Review from Richard Covello, Renowned Opera Critic;
“It was a memorable evening you created for all of us. You were Wonderful!  Those kiddies will remember the occasion - I know because I was looking at their faces during your act - all of them wreathed in smiles and riveted to their seats.   The grown-ups too!”
The Great Frankini lends additional magic to Petite Opera's concept for Amahl and the Night Visitors, which immediately follows his act, as both explore the Magic.--The Great Frankini in the visual sense, and the Three Magi in the spiritual sense.  Don't miss this wonderful featured artist.

 Saturday, December 3 at 7:30 PM
Sunday, December 11 at 4:00 PM
Musicke's Merrie Companions (MMC)
recorder quintet


On Saturday evening, December 3, and again on December 11 at 4:00 PM, Musicke's Merrie Companions will present a program of early music on Recorder and Krumhorn.  This small performing consort is comprised of instrumentalists who are also members of the Oak Park Recorder Society.  For over 27 years, the group has played at the Bristol Renaissance Faire as well as for private engagements such as Birthdays, Bar Mitzvas, Weddings, Banquets, or any other gala affair.

The Oak Park Recorder Society is the place to come if you have a recorder and would like to play regularly with others.  OPRS has been bringing recorder and "Early Music" enthusiasts together for over 40 years.  There are also chances to present our sounds to others.  The group plays for church services, before Shakespeare plays, school demonstrations and even at Brookfield Zoo's "Holiday Magic."  OPRS meets every Tuesday evening at Pilgram Church, 460 Lake Street in Oak Park. Patrons are encouraged to check out the group to play or listen.  For more information about Musicke's Merrie Companions or the Oak Park Recorder Society, contact Director, Nancy Chabala at 708 442-6053. 

For those unfamiliar with recorders and krumhorns, here's a brief description of the various types. 

Recorders
Recorders are a family of end-blown duct flutes with a thumb and 7 finger holes.  There are eight sizes - Garklein, Sopanino. Soprano, Alto, Tenor, Bass, Great Bass and Contra Bass.  The most common are Soprano, Alto, Tenor and Bass.  MMC will be playing all of these instruments during its Petite Opera featured artist concerts, with the exception of the Garklein. At various times the recorder has been called a `fipple flute', an `English flute' and the common flute.  The Italians called it the flauto dolce (sweet flute), the French, flute (flute with a beak) and the Germans, blockflote (block flute) referring to the block of wood in the head joint which directs the air.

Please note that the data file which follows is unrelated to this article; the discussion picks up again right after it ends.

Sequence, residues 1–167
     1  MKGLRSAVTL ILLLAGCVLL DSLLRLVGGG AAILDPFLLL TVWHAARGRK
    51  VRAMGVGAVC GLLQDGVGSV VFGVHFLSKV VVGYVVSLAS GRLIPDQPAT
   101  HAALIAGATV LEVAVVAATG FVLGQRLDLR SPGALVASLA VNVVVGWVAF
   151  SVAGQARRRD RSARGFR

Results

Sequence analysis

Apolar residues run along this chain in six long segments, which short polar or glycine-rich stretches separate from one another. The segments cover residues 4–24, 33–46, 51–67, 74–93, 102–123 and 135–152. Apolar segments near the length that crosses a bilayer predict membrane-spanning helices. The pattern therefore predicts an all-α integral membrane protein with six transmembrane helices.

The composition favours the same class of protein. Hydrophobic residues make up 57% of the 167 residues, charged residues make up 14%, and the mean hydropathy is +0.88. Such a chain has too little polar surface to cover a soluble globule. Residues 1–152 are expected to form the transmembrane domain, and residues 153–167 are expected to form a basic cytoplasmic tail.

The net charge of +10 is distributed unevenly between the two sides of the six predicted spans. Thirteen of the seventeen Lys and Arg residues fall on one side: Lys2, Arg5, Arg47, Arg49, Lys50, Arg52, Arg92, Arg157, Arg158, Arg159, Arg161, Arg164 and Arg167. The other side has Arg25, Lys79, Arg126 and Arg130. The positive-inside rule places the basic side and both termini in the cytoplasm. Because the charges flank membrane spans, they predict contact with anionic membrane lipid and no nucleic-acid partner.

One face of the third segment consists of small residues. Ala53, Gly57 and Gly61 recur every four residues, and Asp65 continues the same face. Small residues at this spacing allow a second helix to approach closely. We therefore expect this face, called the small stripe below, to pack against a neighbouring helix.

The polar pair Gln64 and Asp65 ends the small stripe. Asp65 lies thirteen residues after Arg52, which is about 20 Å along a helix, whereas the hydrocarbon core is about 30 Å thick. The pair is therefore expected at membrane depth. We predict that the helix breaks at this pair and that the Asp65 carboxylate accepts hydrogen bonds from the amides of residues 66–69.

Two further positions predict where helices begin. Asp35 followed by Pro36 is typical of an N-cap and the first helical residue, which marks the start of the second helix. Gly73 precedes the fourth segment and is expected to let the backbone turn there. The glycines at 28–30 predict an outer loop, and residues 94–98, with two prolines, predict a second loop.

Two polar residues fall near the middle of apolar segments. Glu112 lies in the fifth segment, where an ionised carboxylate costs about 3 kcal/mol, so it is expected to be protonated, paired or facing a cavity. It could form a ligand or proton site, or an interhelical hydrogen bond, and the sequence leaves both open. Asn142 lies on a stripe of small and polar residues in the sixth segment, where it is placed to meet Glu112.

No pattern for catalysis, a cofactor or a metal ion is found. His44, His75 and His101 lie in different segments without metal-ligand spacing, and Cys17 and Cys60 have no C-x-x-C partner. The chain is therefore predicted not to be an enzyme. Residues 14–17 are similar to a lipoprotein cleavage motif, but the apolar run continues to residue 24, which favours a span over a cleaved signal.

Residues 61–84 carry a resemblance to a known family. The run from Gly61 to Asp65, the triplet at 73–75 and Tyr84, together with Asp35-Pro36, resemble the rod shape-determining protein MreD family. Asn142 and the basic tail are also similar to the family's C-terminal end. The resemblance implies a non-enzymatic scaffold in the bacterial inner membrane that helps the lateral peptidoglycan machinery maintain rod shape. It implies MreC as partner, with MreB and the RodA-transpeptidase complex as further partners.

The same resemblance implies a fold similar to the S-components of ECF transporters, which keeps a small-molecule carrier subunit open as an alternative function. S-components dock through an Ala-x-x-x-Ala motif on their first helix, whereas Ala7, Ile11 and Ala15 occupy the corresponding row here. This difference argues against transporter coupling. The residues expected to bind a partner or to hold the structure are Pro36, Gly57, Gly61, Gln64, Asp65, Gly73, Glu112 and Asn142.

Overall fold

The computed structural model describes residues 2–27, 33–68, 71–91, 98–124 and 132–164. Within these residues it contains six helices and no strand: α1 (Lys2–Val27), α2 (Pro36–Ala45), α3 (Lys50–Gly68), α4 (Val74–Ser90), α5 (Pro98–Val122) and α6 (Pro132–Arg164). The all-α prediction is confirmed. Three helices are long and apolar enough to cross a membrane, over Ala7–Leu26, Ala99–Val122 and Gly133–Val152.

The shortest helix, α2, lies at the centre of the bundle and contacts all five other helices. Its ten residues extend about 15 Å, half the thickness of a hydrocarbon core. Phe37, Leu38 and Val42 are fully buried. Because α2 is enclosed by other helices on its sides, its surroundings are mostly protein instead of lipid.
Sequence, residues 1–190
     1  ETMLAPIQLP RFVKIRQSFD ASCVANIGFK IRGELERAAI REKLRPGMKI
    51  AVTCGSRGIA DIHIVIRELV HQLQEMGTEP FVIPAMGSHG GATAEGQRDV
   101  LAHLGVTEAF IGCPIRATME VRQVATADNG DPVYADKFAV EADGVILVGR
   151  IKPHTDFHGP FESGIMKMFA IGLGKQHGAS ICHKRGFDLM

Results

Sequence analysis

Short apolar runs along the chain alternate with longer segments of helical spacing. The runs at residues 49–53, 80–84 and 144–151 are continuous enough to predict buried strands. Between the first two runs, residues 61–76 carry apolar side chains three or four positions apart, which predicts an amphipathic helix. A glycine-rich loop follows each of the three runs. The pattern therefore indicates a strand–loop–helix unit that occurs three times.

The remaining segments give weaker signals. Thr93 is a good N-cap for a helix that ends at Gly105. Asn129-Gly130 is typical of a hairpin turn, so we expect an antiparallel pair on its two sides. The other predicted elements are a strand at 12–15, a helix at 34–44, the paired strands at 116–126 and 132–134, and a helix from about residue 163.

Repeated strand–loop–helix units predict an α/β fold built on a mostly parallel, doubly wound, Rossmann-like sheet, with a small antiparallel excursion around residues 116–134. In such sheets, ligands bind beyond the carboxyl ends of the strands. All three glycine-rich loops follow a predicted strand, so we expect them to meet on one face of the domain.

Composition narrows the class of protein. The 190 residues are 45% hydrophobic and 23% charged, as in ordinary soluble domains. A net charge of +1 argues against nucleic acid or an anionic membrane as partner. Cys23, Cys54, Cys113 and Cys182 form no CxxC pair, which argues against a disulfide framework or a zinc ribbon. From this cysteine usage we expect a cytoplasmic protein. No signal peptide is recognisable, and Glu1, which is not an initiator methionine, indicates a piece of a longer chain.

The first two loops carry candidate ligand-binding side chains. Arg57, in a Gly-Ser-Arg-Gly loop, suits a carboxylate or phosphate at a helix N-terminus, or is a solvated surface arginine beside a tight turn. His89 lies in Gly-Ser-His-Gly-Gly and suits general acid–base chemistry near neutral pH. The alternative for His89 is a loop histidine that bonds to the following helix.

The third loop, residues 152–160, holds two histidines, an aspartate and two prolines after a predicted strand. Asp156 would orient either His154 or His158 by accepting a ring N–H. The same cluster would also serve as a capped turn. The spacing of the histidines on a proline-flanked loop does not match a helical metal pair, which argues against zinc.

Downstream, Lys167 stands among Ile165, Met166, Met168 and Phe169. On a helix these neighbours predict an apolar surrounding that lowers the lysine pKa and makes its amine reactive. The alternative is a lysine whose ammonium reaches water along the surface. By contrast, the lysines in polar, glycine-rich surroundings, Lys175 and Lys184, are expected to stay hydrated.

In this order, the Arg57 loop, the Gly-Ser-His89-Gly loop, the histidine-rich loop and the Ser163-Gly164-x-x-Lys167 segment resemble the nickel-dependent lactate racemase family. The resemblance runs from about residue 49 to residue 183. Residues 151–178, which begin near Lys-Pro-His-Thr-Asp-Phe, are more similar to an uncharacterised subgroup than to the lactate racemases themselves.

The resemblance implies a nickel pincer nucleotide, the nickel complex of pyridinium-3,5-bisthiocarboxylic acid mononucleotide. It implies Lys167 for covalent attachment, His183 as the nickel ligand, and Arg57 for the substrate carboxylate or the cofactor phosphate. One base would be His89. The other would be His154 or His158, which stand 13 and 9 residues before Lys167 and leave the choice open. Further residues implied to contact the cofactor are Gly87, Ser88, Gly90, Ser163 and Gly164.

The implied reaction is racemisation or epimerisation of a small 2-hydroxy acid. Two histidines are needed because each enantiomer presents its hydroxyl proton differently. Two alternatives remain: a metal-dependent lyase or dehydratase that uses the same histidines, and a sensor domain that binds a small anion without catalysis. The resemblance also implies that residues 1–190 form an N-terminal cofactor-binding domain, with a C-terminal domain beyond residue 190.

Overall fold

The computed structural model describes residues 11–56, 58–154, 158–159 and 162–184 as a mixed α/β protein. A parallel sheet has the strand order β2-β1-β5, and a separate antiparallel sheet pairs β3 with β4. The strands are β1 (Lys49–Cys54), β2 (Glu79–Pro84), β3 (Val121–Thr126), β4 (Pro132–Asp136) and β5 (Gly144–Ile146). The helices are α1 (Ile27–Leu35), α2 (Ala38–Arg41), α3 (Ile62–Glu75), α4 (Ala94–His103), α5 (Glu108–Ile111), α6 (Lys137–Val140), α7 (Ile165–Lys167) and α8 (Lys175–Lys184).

The recorder was the flute of the period (13th C to early 18th C) while what we know as the flute today transitioned from the transverso or transverse flute.  When Purcell, Bach, Handel and Telemann wrote flute parts, they had the recorder in mind.  Recorders fell out of use in the early 18th C because the transverse flute was louder and capable of more expression.

Krumhorns
Krumhorn are double-reed instrument with a wind-cap so that the reeds are not exposed.  It is curved on the bottom end.  Both of these features made krumhorns one of the most common reed instruments from the late 15th C to the early 17th C.  They were easy to play on horseback and while riding in music carts without the damage to the mouth that an exposed reed could cause. 

Like most Renaissance instrument, krumhorns were made in families.  The sizes commonly found today are the Soprano, Alto, Tenor and Bass.  Krumhorns fell into disuse due to taste changes and their limited range of only 9 notes.  Today, the closest relative to a krumhorn is a bagpipe.

During Amahl and the Night Visitors, Amahl plays a recorder typical of the period.  Musicke's Merrie Companions presents early music that would be representative of what we would think Amahl might have played.  Don't miss this wonderful chance to hear this wonderful ensemble.